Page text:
United Attributes is a library for Ruby on Rails that allows you to declare units on numerical attributes in your models and exploit that information for unit conversion and template presentation.
Let's consider a duck that weighs 4 kilos. Here is a typical example of how you present a weight attribute of a Duck model in an ERB view.
<li><%= @duck.weight %> kilos</li>
This makes the view aware of the units in the model, so if you'd rather use stones or pounds, you'll have to update views that display duck weights. An improved version that handles internationalization and pluralization, so slim ducks are not listed as weighing "1 kilos", could be:
<li><%= @duck.weight %> <%= t('.kilogram', count: @duck.weight) %></li>
Now it prints out nicely, but pollutes the internationalization with a generic unit translation and repeats the duck instance variable and doesn't decouple the view from the attribute unit. You could add a weight_unit to the attribute model and then use that unit for I18n lookup, but still. That's an entire column of presumeably identical attributes in your Duck table.
United Attributes attempts to make views unaware of the units involved, yet still capable of displaying them. And without adding anything to the database.
First, declare the units used in your attribute when defining your model. Use the
class Duck < ActiveRecord::Base attr_accessible :name, :weight, :lifespan unite :weight, :kilogram, precision: 2 unite :lifespan, :year end
United Attributes will automatically determine the domain(length, area, volume, time, etc...) of the unit by scanning it's bundled unit database for the first unit that matches the declared unit. To avoid theoretical false matches (e.g. a pound being both a weight and currency unit) and improve readability for other developers, you may choose to specifiy the domain explicitly when declaring your units. This will skip the search.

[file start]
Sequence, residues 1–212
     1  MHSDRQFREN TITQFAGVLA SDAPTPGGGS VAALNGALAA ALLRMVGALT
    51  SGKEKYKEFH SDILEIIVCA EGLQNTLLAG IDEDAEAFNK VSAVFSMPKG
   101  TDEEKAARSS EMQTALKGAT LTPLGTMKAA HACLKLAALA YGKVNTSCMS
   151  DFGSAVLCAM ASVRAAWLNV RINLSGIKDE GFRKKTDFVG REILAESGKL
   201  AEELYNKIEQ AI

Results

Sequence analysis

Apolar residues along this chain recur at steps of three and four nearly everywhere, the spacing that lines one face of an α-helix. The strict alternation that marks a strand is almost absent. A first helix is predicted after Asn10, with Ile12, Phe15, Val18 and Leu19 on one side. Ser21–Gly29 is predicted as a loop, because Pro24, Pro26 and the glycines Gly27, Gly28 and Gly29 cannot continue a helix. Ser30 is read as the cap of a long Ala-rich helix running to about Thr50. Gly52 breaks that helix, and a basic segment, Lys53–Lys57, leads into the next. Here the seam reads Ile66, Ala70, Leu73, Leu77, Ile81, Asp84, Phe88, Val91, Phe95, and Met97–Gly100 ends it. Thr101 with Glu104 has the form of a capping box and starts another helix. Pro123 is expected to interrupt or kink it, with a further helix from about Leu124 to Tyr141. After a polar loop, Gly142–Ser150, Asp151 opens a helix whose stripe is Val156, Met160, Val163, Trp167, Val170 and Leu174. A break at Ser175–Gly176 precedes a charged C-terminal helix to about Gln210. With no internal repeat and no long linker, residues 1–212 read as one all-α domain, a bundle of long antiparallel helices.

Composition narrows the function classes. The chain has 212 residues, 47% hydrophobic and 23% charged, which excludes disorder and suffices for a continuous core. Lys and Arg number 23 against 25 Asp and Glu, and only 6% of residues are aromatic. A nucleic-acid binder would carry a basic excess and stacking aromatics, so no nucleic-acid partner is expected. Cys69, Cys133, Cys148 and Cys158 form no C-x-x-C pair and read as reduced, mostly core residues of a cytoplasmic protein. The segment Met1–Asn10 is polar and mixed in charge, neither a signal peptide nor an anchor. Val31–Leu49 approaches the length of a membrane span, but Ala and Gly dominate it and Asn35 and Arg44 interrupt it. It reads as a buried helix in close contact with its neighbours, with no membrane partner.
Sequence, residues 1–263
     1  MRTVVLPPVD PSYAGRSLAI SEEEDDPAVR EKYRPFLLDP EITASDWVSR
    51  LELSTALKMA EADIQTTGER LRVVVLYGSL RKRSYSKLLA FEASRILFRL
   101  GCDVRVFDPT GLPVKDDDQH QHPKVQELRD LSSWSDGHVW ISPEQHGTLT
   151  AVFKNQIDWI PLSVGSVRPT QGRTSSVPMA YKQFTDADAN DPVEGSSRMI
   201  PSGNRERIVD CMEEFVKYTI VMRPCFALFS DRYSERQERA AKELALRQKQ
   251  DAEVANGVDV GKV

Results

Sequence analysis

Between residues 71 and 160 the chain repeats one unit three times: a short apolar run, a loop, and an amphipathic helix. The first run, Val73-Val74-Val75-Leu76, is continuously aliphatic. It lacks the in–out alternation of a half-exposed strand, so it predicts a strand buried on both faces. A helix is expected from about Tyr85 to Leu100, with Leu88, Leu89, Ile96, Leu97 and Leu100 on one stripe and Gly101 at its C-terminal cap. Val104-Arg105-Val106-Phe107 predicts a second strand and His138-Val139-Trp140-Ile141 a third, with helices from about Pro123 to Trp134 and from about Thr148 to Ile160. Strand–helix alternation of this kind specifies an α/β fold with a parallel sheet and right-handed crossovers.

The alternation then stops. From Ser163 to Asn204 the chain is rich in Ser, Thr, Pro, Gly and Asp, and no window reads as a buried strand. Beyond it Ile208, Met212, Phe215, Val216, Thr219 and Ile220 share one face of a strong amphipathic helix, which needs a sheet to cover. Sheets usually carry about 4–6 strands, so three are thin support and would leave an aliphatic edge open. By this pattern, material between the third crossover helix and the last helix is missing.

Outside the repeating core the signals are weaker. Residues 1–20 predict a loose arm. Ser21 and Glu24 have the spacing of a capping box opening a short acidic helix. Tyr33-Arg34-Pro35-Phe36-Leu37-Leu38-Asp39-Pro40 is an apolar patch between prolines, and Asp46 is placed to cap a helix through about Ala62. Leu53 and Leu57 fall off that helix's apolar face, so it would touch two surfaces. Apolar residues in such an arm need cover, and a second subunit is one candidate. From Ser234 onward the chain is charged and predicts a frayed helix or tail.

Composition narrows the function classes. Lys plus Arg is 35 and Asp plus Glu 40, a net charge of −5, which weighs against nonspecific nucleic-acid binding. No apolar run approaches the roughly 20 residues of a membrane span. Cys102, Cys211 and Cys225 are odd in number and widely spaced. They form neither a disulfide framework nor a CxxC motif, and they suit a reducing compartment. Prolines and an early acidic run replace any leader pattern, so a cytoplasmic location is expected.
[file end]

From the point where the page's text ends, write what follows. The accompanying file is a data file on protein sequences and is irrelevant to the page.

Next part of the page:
unite :weight, :pound, domain: :weight, precision: 2
The precision option is for presentation only and determines the amount of decimals shown when calling to_s on an attribute. The option may be modified out in the templates. The default precision is 0.
When using the
unite declaration, United Attributes will add an additional attribute reader to instances of the model prefixed with
united_, so in this case Duck has received
united_lifespan. Whenever using these two accessors, an instance of
UnitedAttributes::Attribute will be returned. This allows you to do this:
<li><%= @duck.united_weight %></li> <li><%= @duck.united_lifespan %></li>
Assuming our database record of the duck has a weight of 3.6926 and a lifespan of 4, the following will render:
<li>3.69 kilograms<li> <li>4 years</li>
Because United Attributes is aware of your units, United Attributes has built-in conversion methods that are automatically defined on your UnitedAttributes::Attribute instances upon initialization. This allows you to do
@duck.united_weight.as_pounds => "8.14 pounds"
If we want even more precision, we can do:
@duck.united_weight.as_pounds.precision(4) => "8.1408 pounds"
Keep in mind that attributes are evaluated by calling the default accessor on the first
united_ call, so don't mutate your object after getting an
Attribute instance, or expect this:
united_attribute_instance = @duck.united_weight @duck.weight = 5 united_attribute_instance.to_s => "3.69 kilograms" @duck.united_weight => "5.00 kilograms"
If you just want to use the unit converter, but be rid of the formatting, you can use the value method.
@duck.united_weight.as_pounds.value => 8.140789421649316
This will return float. If you call value without a version, you will get whatever value the native accessor, e.g.
@duck.weight returns. But if you wanted that, why not just call
@duck.weight instead of going through United Attributes.
What domains are supported?
United Attributes currently supports common units within the following domains:
- Area (square kilometers, acres, etc.)
- Data (bits and bytes in most denominations - both binary and metric units - mebibyte/megabyte)
- Length (meters, inches)
- Space (liters, cubic units, gallons, pints)
- Speed (kilometers, meters and miles pr. hour and second)
- Time (seconds, minutes, hours, days, weeks, months, years)
- Caveat: Months and years are not fixed in relation to seconds, so a month is exactly 30,4375 days and a year is exactly 365.25 days. Because the year length divided by the month length is exactly 12, conversion between months and years will work fine.
- Weight (metric units and pounds)